Another criticism was that HHS did not follow its normal processes in issuing its essential health benefits “guidance,” or policy interpretation. Normally, the department would have issued a proposed rule and solicited public comment; it then would have taken that comment into account in crafting a final regulation. In this case, HHS released a “bulletin” and not a proposed rule for comment, and, in turn, did not make the comments it received publicly available. Although HHS says it acted legally, its atypical approach has been widely criticized.

Remaining issues

States now face the need to move forward quickly, as the first open enrollment period for coverage sold through new health insurance exchanges will begin in October 2013. Yet as states proceed to select their essential health benefits benchmark plans, other key issues and questions remain

  • The role of state-mandated benefits. An unusual provision of the Affordable Care Act pertaining to states’ benefit mandates may affect some states as they select their benchmark essential health benefits packages. All states have such benefit mandates, from a low of 13 mandates in Iowa to a high of 69 in Rhode Island. Examples range from commonly offered services, such as emergency department services or diabetic supplies, to less standard benefits, such as in vitro fertilization and applied behavior treatment for autism.

    Most of these benefit mandates are typically included in the plans from which states will be able to select as the benchmark plan. However, some states apply mandates only to plans offered in certain markets and may not require coverage by all possible benchmark plans. For example, a benefit mandate may apply only to individual insurance or to HMO products sold in a state.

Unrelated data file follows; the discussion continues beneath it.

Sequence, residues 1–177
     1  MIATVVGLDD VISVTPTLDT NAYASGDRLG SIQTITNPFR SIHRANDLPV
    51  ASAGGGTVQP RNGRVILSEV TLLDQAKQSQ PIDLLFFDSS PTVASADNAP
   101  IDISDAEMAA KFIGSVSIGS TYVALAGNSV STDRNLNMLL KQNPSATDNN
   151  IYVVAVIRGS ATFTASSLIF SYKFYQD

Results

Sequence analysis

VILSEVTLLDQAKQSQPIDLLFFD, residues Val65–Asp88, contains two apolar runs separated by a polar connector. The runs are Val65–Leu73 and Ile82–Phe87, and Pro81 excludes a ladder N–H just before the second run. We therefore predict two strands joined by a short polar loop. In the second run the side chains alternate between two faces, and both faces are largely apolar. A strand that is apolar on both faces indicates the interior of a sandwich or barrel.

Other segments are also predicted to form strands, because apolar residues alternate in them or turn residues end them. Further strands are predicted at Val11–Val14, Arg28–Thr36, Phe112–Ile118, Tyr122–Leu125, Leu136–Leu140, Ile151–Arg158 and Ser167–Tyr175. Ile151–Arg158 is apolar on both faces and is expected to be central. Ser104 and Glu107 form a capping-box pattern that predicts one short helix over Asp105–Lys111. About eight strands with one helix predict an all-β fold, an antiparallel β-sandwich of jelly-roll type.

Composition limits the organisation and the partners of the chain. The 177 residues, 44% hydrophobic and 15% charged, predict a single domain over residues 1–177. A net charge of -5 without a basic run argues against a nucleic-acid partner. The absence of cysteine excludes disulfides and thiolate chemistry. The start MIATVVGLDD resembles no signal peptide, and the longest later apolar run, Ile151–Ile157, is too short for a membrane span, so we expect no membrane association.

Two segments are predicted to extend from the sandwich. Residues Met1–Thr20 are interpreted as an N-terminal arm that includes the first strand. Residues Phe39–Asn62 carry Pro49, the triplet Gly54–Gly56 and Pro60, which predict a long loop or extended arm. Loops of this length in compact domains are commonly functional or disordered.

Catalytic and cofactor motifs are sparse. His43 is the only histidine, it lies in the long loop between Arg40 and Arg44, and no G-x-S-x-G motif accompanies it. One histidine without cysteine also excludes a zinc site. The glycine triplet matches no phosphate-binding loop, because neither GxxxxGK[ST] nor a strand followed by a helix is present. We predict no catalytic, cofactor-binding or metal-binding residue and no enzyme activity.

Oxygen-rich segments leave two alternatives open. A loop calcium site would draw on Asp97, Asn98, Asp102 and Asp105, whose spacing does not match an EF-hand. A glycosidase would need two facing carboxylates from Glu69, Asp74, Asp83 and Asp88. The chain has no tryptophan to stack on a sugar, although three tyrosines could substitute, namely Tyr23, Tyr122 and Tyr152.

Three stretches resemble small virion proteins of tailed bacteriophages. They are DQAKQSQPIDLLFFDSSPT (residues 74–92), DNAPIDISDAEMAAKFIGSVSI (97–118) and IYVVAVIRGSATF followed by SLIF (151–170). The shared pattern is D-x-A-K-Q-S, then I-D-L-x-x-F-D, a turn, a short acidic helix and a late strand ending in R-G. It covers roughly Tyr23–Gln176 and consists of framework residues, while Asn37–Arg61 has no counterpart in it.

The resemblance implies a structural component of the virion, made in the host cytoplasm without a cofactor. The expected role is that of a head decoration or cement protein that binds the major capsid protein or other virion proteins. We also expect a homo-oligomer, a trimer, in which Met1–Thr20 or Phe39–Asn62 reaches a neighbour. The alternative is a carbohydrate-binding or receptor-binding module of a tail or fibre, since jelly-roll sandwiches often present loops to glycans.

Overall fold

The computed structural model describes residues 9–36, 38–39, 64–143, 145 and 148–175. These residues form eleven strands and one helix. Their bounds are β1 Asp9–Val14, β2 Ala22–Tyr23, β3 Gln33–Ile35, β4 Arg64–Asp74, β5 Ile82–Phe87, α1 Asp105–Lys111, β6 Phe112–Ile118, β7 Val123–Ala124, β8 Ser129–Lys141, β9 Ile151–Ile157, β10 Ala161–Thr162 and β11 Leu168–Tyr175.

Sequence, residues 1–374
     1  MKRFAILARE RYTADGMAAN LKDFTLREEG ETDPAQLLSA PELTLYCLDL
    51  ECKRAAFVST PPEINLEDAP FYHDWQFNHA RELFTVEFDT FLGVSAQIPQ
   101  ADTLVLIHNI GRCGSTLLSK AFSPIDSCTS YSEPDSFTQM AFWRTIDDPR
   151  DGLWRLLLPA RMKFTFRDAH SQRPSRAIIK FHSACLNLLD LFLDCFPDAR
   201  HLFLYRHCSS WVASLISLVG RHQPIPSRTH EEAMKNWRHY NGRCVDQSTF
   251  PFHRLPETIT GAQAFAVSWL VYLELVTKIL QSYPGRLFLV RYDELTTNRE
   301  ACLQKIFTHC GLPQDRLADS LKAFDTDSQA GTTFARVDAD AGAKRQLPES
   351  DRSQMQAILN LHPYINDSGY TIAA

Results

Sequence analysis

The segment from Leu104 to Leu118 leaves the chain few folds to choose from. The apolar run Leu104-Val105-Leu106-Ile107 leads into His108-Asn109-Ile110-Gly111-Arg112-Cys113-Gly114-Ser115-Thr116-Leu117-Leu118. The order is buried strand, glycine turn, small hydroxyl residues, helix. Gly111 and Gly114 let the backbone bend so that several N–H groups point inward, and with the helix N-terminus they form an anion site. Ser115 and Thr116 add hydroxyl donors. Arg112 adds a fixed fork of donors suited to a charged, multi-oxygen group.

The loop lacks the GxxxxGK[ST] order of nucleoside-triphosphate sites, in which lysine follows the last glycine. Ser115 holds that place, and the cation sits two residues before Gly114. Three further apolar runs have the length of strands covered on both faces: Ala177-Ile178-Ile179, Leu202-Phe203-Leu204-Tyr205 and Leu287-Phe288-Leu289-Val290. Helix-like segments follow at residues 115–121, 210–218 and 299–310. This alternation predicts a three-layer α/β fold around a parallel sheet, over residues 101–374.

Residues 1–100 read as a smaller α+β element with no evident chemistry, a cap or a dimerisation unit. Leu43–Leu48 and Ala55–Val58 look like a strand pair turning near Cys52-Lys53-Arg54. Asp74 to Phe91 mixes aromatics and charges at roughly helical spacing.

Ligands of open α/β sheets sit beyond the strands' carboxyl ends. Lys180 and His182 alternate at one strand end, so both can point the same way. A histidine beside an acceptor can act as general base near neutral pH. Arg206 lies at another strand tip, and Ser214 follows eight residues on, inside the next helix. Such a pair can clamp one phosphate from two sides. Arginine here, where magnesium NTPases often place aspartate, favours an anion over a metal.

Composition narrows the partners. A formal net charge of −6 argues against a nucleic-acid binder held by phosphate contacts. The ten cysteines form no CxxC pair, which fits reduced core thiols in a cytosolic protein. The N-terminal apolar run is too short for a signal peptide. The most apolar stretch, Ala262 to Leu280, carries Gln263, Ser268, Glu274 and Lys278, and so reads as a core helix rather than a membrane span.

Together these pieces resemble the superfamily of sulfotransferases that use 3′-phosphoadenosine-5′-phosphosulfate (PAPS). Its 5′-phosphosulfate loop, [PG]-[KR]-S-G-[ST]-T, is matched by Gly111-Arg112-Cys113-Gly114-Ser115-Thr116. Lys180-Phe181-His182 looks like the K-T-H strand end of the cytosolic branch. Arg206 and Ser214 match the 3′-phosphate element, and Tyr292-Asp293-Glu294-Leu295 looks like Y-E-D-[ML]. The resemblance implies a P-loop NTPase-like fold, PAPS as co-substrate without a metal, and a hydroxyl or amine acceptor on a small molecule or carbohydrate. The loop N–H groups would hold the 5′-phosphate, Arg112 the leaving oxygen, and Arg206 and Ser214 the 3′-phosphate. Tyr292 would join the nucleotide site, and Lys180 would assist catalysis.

According to the Affordable Care Act, if a state requires benefits that exceed those included in the essential health benefits package, then the state has to directly pay the cost of these additional mandates. Under the benchmark approach adopted by HHS, a state can avoid having to pay any extra cost by choosing as its benchmark plan one that includes all benefits mandated for the small group and individual markets in the state.

    The law does not specify, and HHS guidance has not clarified, how this money will be paid or where it will go. One analysis by the National Institute for Health Care Reform, a nonprofit institute linked to the Center for Studying Health System Change, has estimated that the state of Maryland may end up having to pay for five state benefit mandates not likely to be included in a benchmark plan. The institute estimates that the cost to Maryland could be between $10 million and $80 million annually. It is not clear how many other states will be affected.